There were 623 housing units at an average density of 130.5 per square mile (50.4/km2). The racial makeup of the city was 95.87% White, 0.79% African American, 1.38% Native American, 0.39% Pacific Islander, and 1.57% from two or more races. Hispanic or Latino of any race were 1.38% of the population. Identification as to ethnicity in 2000 was as follows: 17.9% were of German ancestry, 15.9% English, 10.3% Irish, 7.1% Norwegian, 6.6% American, 5.7% Croatian, 5.7% Scotch-Irish, and 5.1% Italian.

There were 467 households, out of which 25.7% had children under the age of 18 living with them, 43.9% were married couples living together, 6.2% had a female householder with no husband present, and 46.5% were non-families. 37.9% of all households were made up of individuals, and 18.2% had someone living alone who was 65 years of age or older. The average household size was 2.18 and the average family size was 2.89.

In the city, the population was spread out, with 21.9% under the age of 18, 6.5% from 18 to 24, 26.9% from 25 to 44, 26.6% from 45 to 64, and 18.0% who were 65 years of age or older. The median age was 42 years. For every 100 females, there were 96.0 males. For every 100 females age 18 and over, there were 90.9 males.

The median income for a household in the city was $35,313, and the median income for a family was $45,179. Males had a median income of $32,379 versus $25,625 for females. The per capita income for the city was $18,412. About 8.2% of families and 12.6% of the population were below the poverty line, including 9.1% of those under age 18 and 15.5% of those age 65 or over.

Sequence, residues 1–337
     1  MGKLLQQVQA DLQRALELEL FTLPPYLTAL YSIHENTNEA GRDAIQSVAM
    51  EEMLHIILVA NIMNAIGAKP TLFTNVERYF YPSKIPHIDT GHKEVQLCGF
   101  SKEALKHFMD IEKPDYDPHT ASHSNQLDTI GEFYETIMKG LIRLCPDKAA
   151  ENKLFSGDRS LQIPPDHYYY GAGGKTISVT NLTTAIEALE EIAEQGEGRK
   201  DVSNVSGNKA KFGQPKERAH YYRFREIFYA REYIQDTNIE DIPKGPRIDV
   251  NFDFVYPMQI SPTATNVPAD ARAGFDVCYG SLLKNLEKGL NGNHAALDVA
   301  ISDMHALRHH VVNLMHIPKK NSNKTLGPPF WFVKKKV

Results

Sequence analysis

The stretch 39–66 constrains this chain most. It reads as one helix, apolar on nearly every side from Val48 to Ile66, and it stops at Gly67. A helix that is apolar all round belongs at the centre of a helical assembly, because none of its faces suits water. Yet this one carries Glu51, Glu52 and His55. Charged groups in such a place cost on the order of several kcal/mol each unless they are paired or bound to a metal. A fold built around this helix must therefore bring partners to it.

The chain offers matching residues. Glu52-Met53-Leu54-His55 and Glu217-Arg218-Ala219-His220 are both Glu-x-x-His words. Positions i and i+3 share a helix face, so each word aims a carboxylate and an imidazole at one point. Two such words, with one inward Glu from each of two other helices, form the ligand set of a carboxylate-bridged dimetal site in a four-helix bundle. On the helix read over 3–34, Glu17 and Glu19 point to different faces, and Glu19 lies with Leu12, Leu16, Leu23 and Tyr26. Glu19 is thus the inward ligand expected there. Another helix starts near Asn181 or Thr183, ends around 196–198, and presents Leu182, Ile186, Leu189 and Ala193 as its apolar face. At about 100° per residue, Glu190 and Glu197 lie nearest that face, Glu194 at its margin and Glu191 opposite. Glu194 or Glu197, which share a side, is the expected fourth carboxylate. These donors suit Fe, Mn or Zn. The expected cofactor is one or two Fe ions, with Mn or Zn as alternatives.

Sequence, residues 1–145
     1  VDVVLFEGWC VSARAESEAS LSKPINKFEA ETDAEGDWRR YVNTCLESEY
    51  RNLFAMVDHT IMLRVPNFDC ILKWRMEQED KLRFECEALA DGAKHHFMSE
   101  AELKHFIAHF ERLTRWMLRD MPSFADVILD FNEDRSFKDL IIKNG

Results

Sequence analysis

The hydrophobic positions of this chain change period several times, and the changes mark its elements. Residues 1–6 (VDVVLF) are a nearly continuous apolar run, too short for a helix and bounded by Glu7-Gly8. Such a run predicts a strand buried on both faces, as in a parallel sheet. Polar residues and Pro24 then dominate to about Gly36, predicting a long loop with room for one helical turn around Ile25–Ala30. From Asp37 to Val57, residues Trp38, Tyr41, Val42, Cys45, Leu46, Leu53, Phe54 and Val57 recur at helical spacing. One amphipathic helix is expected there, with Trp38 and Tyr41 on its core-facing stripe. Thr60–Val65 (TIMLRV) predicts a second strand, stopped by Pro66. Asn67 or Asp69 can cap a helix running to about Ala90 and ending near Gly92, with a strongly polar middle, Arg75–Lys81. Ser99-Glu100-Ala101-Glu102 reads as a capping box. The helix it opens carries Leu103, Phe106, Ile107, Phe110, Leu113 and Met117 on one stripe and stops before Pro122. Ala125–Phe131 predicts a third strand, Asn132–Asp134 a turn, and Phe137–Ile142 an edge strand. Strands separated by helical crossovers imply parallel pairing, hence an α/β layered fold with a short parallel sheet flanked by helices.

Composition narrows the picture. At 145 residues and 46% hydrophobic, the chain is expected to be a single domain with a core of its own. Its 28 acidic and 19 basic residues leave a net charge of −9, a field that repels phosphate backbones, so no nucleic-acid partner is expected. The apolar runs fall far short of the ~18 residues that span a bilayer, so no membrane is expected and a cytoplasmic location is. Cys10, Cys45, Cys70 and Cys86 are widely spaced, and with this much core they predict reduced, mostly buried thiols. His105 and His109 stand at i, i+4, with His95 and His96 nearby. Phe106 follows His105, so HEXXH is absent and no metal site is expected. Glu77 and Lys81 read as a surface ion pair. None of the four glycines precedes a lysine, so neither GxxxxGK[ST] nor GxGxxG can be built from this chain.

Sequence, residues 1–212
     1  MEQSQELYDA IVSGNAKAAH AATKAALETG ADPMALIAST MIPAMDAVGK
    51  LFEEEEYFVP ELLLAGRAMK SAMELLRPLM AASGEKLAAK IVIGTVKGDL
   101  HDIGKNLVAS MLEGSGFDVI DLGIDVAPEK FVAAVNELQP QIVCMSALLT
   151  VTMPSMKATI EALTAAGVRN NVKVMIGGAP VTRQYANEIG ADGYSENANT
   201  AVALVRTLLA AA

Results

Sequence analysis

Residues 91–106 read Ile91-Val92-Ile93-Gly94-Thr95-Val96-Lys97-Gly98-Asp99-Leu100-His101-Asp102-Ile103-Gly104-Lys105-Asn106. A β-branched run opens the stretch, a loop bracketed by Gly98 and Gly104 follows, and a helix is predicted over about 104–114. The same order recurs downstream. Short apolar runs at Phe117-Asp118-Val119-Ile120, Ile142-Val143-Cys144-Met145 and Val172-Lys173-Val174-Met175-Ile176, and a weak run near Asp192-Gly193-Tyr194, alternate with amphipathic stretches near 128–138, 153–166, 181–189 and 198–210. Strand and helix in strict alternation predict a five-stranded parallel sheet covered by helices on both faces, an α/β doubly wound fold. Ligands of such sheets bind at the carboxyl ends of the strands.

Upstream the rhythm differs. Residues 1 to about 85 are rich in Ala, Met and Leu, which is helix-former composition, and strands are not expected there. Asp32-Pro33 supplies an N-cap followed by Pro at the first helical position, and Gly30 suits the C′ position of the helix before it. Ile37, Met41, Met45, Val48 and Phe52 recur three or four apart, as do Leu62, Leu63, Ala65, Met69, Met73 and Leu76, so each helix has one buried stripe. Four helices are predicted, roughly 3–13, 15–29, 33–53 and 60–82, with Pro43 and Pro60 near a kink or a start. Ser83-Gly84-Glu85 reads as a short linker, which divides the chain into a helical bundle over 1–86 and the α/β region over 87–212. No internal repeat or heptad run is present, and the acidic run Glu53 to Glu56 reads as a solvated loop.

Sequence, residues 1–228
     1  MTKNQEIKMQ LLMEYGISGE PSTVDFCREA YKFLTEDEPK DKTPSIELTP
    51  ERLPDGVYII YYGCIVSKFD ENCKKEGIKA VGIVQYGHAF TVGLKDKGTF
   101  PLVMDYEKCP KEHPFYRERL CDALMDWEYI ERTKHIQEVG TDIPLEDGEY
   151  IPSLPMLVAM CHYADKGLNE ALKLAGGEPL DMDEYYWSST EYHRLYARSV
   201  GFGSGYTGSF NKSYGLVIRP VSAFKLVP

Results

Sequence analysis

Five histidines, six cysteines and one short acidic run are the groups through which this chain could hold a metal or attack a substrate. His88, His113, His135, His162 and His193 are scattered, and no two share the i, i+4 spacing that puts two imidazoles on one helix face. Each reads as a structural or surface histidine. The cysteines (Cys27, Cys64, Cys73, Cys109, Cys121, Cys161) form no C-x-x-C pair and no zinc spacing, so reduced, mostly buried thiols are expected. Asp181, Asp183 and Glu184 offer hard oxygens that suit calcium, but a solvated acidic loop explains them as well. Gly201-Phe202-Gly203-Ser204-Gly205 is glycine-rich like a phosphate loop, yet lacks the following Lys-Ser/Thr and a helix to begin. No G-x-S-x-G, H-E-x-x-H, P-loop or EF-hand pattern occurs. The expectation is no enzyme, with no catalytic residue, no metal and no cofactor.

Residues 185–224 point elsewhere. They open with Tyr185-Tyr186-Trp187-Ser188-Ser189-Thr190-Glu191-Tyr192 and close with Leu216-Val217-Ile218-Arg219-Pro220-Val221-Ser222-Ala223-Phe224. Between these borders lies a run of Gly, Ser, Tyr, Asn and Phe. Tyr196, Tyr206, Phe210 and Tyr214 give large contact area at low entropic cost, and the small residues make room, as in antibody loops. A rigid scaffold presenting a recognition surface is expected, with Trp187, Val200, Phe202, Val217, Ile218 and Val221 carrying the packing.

Points of interest in Roslyn[edit]

  • Old City Hall & Library – Badly damaged in the 2001 Nisqually earthquake, this important public building is on the National Register of Historic Places as the anchor building of the Roslyn Historic District. The City of Roslyn and the Friends of the Roslyn Library have collaborated to support its structural repair and renovation.
  • Roslyn Museum – Located on Pennsylvania Avenue, the museum includes an excellent display of artifacts from Roslyn's glory days as a coal mining town.
  • Historic Coal Mines – Visitors can go to the Roslyn municipal offices, located on the corner of Pennsylvania Avenue and First Street, for information on tours of the historic coal mines. No tours go inside the mines.
  • Roslyn Sunday Market – Every Sunday from June through September, this outdoor farmer's market and craft fair is located on Pennsylvania Avenue, offering a selection of local fruits, vegetables, arts, crafts and locally produced specialty items.